Back in May, it was announced Final Fantasy XVI would be banned in Saudi Arabia. Officially, it was because developer Square Enix refused to alter scenes in the game for the territory, which led to rumors and speculation that the 16th game in the long-running RPG series would have explicit gay sex scenes, which spawned memes and earnest excitement. Turns out, yes, there is a same-sex couple (and implied bisexual hero), but while one of the two involved men is one of Final Fantasy XVI’s standout characters, the romance never goes so far as the internet speculated, and the game seems hesitant to show it at all.
Spoilers for Final Fantasy XVI follow.
Dion Lesage is a lot of things. He’s the prince of the Holy Empire of Sanbreque, beloved by his people for his empathy in an otherwise uncaring monarchy. He is Bahamut’s Dominant, able to call upon the dragon’s power and transform into him during battle (Bahamut is a gay icon now, sorry about it). And he’s also the lover of Sir Terence, his devoted right hand.
From what little we see of the relationship, Terence is almost exclusively characterized by his devotion to his boyfriend. In the grand scheme of things that feels like a missed opportunity, but I gotta admit, I am captivated by the desperation and unbridled loyalty Terence demonstrates when he stands alongside Dion. It’s a dynamic ripe for fanfiction and players filling in the gaps, and if I didn’t write every day for my job, I’d probably be inclined to join in. Dion is nothing but caring for Terence when it would have been easy for a royal and his faithful knight to fall into toxic, abusive tropes. These two adore one another, and while Dion’s entire family dynamic is destructive fantasy politics made corporeal, this guy’s clearly broken the cycle and put in the self-work to be more than a prince to Terence.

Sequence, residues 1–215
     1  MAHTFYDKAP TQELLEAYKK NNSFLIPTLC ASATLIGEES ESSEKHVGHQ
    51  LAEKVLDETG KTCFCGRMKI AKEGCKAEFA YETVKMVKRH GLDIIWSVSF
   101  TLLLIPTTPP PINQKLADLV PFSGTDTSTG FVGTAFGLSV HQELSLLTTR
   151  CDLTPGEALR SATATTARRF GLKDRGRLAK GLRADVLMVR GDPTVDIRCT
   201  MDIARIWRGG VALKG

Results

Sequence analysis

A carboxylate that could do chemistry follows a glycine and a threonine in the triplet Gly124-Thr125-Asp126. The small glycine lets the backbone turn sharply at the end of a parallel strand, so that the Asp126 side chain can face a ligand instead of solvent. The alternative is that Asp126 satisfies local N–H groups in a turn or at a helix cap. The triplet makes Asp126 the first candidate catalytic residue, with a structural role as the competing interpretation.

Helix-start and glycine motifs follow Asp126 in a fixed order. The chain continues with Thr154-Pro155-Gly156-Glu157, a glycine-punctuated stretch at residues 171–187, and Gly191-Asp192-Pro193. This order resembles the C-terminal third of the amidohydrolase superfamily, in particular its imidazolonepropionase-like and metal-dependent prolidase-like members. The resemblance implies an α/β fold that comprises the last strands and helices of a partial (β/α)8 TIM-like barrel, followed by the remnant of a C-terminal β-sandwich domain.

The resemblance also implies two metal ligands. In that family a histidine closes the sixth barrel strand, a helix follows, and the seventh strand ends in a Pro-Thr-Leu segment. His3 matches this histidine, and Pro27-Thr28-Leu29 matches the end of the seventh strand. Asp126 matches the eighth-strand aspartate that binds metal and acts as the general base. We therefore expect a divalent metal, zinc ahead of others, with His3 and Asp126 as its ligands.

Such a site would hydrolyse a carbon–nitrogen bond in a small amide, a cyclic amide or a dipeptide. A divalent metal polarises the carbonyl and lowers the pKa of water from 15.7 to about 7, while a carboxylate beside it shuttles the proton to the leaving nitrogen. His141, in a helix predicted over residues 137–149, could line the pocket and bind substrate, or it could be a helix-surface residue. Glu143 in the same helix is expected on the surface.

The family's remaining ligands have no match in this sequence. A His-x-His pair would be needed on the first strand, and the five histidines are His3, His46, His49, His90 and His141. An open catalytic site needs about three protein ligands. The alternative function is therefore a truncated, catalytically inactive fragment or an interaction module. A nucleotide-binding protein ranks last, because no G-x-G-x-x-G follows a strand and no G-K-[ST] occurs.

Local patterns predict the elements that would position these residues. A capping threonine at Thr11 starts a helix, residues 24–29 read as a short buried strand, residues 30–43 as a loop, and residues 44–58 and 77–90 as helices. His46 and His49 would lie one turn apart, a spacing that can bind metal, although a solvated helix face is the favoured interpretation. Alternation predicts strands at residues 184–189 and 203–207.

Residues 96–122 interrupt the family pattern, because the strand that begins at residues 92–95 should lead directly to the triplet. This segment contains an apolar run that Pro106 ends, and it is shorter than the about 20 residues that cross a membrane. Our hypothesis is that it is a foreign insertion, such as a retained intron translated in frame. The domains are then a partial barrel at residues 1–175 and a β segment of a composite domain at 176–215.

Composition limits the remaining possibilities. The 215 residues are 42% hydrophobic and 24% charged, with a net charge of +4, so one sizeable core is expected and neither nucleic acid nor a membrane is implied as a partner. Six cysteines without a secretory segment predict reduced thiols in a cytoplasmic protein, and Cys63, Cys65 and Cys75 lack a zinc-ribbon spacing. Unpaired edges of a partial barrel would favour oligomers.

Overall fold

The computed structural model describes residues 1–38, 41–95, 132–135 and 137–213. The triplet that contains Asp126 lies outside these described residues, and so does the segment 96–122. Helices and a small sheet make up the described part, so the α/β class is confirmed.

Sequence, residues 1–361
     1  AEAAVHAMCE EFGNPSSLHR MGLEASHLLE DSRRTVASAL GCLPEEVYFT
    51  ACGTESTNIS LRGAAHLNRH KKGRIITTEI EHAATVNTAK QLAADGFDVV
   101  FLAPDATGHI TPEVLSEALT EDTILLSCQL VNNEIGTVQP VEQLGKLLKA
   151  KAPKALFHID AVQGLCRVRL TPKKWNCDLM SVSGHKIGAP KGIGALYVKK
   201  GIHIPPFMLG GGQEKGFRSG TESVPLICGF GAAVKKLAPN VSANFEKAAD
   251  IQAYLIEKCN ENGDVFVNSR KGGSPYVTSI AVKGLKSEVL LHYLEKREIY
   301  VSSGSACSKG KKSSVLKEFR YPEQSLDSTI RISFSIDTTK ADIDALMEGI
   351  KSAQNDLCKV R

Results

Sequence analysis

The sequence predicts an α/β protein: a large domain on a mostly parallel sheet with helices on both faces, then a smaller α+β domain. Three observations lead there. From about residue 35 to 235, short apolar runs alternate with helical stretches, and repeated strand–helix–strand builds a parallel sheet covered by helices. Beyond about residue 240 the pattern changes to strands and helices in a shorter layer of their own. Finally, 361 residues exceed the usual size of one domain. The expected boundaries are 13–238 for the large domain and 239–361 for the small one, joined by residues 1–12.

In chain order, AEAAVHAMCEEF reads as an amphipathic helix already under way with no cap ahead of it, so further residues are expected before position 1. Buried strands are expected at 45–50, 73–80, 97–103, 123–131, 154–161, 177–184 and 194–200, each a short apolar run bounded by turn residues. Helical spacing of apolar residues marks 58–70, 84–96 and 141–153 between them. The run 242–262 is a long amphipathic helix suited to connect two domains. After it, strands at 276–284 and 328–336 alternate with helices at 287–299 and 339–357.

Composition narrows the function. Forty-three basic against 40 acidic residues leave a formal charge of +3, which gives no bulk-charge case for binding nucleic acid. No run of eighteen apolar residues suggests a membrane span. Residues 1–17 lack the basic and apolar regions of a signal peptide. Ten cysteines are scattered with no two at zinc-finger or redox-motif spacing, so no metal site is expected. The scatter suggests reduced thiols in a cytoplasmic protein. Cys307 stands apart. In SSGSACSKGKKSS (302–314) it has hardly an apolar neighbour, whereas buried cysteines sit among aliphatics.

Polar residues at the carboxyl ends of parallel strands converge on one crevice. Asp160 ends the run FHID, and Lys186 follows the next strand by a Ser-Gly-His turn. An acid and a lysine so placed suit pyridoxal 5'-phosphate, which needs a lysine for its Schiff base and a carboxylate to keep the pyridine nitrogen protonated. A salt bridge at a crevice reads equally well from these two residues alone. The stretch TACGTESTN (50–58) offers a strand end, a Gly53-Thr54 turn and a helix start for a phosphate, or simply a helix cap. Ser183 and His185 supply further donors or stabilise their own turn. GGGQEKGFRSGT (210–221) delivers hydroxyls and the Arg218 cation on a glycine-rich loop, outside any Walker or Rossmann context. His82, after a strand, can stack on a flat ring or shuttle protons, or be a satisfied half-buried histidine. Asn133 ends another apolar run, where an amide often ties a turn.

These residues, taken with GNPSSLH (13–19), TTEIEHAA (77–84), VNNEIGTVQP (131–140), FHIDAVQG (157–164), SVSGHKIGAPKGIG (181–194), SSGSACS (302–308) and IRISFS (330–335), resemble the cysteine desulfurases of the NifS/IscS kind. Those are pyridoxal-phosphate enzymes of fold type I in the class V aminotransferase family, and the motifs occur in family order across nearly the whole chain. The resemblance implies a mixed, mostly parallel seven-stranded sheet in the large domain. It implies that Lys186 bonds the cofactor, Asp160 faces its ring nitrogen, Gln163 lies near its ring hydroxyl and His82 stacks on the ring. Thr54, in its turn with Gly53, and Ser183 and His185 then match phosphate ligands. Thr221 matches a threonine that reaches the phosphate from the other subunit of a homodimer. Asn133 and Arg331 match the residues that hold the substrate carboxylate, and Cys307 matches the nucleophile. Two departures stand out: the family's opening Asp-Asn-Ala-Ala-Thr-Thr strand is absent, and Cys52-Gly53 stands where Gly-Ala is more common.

All this wonderful character development and potential ultimately makes the places where Final Fantasy XVI pulls its punches all the more disappointing. Taking inspiration from Game of Thrones, Square puts a spotlight on physical intimacy in Final Fantasy XVI. There’s not a lot of what you’d consider overt sex scenes, but there’s a lot of romance happening, characters kissing and being naked together, and in most cases, the game is comfortable viewing it all from up close. However, Dion and Terence are an exception.
When the two share a kiss maybe halfway through the game, the camera moves away from them and we see it at a distance, when moments before we were watching a scene of Terence tending to Dion’s wounds at an intimate angle. The two very clearly kiss, but the distance the scene is shot from would make it easy to think they hadn’t.
The tragedy of it all is, Dion and Terence aren’t together through much of the game, so there’s not much opportunity for Final Fantasy XVI to make this right by expanding further on this relationship and giving them more chances to express the clear love they share on screen. As the dangers of Dion’s mission escalate, he sends Terence away to repay a debt he owes, and to keep his lover out of harm’s way. It’s an affecting scene and underscores the dire stakes of Final Fantasy XVI’s war, and it emphasizes the devotion these two have for each other. Terence is willing to do whatever Dion asks of him, and Dion knows that and uses it to push him out of the line of fire. It is a beautiful, tragic, angsty moment that would make my heart sing if I hadn’t already been disappointed by how little this relationship was foregrounded, and how scared Final Fantasy XVI seems to sit with it.